# Tricky Track

## Problem

You need twelve counters and two ordinary $1$-$6$ dice for this activity.

Draw out a board like this (you may find that squared paper is useful!):

**Or,** you can print it off here: pdf .

#### RULES

Place one of the twelve counters on each of the squares numbered $1$ to $12$.

Roll the dice and add together the two numbers shown.

Move the counter on that numbered square one box to the right.

Now roll the dice again and repeat this, each time moving the counter on that "row" one box to the right.

Which counter reaches the purple box first?

Is this what you would expect?

Play a few more times and make a note of which counter reaches the end of its row first.

Can you explain why you get these results?

## Getting Started

Are you sure you have found all the ways of getting that total?

How will you record what you're doing?

You may find it useful to use two differently coloured dice.

## Student Solutions

Jacob from Fern Avenue Public School thought carefully about this problem:

To figure out the counter that wins most often, we first need to figure out the most common dice rolls.There are $36$ different possible combinations. Here they are, in the format "First Die Roll - Second Die Roll - Total":

$1 - 1 - 2$

$1 - 2 - 3$

$1 - 3 - 4$

$1 - 4 - 5$

$1 - 5 - 6$

$1 - 6 - 7$

$2 - 1 - 3$

$2 - 2 - 4$

$2 - 3 - 5$

$2 - 4 - 6$

$2 - 5 - 7$

$2 - 6 - 8$

$3 - 1 - 4$

$3 - 2 - 5$

$3 - 3 - 6$

$3 - 4 - 7$

$3 - 5 - 8$

$3 - 6 - 9$

$4 - 1 - 5$

$4 - 2 - 6$

$4 - 3 - 7$

$4 - 4 - 8$

$4 - 5 - 9$

$4 - 6 - 10$

$5 - 1 - 6$

$5 - 2 - 7$

$5 - 3 - 8$

$5 - 4 - 9$

$5 - 5 - 10$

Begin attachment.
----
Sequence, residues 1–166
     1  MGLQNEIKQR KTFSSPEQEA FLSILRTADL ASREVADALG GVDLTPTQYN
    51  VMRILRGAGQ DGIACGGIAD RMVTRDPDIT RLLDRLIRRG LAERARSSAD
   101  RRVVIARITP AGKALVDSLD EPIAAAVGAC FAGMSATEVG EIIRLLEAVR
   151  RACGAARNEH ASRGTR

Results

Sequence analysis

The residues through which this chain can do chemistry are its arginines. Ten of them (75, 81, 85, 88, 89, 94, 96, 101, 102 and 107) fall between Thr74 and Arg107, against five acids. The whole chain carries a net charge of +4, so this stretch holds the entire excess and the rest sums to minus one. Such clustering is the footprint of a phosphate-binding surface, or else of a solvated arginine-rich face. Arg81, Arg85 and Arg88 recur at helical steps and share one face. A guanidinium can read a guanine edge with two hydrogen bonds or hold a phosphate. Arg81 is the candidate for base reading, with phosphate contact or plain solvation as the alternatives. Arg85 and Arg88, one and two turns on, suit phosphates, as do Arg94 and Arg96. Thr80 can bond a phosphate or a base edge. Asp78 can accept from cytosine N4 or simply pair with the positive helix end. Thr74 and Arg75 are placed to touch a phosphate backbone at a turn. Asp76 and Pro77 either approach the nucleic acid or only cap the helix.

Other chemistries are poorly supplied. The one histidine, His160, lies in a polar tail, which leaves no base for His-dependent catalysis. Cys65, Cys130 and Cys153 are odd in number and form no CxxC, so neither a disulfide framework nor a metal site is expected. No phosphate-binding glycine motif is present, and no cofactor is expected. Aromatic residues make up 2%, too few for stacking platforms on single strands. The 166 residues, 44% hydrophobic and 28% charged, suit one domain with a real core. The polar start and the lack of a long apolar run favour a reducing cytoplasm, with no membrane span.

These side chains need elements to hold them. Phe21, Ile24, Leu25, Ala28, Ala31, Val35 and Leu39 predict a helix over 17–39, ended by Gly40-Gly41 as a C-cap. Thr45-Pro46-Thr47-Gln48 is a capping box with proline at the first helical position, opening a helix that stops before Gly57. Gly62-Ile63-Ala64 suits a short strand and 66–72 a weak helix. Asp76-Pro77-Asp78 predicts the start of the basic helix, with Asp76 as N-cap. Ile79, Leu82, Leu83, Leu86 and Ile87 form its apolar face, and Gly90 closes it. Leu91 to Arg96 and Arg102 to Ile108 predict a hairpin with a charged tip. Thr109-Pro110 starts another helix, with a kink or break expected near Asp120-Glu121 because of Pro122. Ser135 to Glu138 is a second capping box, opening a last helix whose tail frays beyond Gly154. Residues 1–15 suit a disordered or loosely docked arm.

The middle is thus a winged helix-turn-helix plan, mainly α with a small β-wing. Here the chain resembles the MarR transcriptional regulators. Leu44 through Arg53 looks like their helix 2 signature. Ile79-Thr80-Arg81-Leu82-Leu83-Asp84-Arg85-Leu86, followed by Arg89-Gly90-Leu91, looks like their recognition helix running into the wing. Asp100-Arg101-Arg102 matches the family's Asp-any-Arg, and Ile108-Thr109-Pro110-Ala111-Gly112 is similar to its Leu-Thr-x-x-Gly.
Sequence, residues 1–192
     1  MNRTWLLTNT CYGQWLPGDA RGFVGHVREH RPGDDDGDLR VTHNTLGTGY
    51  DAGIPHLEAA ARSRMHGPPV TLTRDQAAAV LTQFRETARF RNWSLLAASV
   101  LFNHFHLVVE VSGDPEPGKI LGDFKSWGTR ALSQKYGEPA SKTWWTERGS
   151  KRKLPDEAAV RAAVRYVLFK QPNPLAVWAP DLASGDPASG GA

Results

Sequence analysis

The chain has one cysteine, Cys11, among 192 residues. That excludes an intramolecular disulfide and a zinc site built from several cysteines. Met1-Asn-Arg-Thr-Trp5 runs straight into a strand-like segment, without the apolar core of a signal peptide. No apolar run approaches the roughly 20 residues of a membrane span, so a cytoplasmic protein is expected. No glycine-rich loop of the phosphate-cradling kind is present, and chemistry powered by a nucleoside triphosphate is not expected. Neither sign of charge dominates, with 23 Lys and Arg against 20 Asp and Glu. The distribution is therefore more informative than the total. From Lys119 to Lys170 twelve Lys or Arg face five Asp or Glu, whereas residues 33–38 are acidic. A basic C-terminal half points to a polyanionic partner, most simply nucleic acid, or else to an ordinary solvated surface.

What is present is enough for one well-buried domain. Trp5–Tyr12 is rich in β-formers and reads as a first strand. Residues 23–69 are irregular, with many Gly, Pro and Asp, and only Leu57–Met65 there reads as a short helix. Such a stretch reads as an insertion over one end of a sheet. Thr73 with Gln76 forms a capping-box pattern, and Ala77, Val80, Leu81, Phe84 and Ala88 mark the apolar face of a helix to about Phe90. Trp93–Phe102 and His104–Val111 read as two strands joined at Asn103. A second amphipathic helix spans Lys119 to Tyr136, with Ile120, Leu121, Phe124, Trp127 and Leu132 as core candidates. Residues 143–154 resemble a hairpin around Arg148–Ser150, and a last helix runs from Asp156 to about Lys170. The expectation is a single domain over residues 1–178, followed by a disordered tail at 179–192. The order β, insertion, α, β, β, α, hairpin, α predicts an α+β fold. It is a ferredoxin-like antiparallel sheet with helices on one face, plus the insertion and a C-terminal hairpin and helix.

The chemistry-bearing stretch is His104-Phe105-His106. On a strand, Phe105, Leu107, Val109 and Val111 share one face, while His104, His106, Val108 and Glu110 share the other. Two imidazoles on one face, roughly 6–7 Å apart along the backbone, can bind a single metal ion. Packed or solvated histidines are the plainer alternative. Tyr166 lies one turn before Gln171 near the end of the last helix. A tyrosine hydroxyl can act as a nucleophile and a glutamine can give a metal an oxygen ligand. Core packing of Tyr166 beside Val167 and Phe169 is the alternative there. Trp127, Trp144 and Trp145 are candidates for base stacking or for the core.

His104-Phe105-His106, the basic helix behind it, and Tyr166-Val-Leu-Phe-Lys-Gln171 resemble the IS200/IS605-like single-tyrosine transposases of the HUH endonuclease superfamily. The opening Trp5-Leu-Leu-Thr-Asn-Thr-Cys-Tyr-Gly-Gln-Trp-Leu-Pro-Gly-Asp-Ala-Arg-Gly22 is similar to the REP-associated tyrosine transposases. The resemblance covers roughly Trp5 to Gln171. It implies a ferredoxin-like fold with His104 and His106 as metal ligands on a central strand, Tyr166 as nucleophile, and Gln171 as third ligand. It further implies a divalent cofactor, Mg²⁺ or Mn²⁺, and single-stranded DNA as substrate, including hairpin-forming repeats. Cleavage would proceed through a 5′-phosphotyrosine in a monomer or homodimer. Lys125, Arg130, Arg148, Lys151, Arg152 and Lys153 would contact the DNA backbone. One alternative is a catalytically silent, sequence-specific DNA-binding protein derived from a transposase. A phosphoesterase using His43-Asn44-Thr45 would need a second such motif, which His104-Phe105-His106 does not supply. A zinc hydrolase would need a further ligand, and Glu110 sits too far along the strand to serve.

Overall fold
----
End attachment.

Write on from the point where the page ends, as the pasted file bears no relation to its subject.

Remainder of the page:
$5 - 6 - 11$

$6 - 1 - 7$

$6 - 2 - 8$

$6 - 3 - 9$

$6 - 4 - 10$

$6 - 5 - 11$

$6 - 6 - 12$

Number of appearances of $2$: $1$

Number of appearances of $3$: $2$

Number of appearances of $4$: $3$

Number of appearances of $5$: $4$

Number of appearances of $6$: $5$

Number of appearances of $7$: $6$

Number of appearances of $8$: $5$

Number of appearances of $9$: $4$

Number of appearances of $10$: $3$

Number of appearances of $11$: $2$

Number of appearances of $12$: $1$

Looking at all of the totals, we can see that $2$ appears once, $3$ twice, $4$ thrice, and so on until we get to $7$. At this point, the number of appearances starts to decrease. $8$ appears five times, $9$ four, and $12$ only once. We can see that $7$ appears most often, and is therefore most likely to win the race.

But why does $7$ appear most often? It is because there is no result for the first die rolled that excludes it as a result. If you look back at the table, you can see that no matter what is rolled on the first die, seven still has a $1$ in $6$ chance of being the result. This is not true for any other number. And this is why $7$ is the most common result.

What if the dice had seven faces? $7$ would no longer be the most common number, as a roll of $7$ on the first die would eliminate it as a result. Instead, $8$ is the most common, for the reasons mentioned above. If the dice had eight faces, then $9$ would be the most common. There is a pattern here: if two dice are being rolled, the most common result can be determined by adding $1$ to the number of faces each die has.

Very well done, Jacob. Here is another way to display the possible totals when rolling two $1-6$ dice:

1 | 2 | 3 | 4 | 5 | 6 | |

1 | 2 | 3 | 4 | 5 | 6 | 7 |

2 | 3 | 4 | 5 | 6 | 7 | 8 |

3 | 4 | 5 | 6 | 7 | 8 | 9 |

4 | 5 | 6 | 7 | 8 | 9 | 10 |

5 | 6 | 7 | 8 | 9 | 10 | 11 |

6 | 7 | 8 | 9 | 10 | 11 | 12 |